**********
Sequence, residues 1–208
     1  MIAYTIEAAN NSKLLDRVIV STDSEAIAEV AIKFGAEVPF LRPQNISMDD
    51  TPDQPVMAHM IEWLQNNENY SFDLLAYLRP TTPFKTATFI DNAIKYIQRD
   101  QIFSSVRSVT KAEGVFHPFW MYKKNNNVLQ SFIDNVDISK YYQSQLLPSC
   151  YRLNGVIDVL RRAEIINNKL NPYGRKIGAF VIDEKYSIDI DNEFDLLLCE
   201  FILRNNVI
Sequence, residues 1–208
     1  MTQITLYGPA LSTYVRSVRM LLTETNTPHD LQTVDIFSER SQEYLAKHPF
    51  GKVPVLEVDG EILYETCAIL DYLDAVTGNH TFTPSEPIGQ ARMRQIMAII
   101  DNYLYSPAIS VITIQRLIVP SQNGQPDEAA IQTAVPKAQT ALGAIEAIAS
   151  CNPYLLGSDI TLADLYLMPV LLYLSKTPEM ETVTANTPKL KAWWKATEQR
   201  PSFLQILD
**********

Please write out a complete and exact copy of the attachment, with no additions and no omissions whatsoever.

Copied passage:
Sequence, residues 1–208
     1  MIAYTIEAAN NSKLLDRVIV STDSEAIAEV AIKFGAEVPF LRPQNISMDD
    51  TPDQPVMAHM IEWLQNNENY SFDLLAYLRP TTPFKTATFI DNAIKYIQRD
   101  QIFSSVRSVT KAEGVFHPFW MYKKNNNVLQ SFIDNVDISK YYQSQLLPSC
   151  YRLNGVIDVL RRAEIINNKL NPYGRKIGAF VIDEKYSIDI DNEFDLLLCE
   201  FILRNNVI
Sequence, residues 1–208
     1  MTQITLYGPA LSTYVRSVRM LLTETNTPHD LQTVDIFSER SQEYLAKHPF
    51  GKVPVLEVDG EILYETCAIL DYLDAVTGNH TFTPSEPIGQ ARMRQIMAII
   101  DNYLYSPAIS VITIQRLIVP SQNGQPDEAA IQTAVPKAQT ALGAIEAIAS
   151  CNPYLLGSDI TLADLYLMPV LLYLSKTPEM ETVTANTPKL KAWWKATEQR
   201  PSFLQILD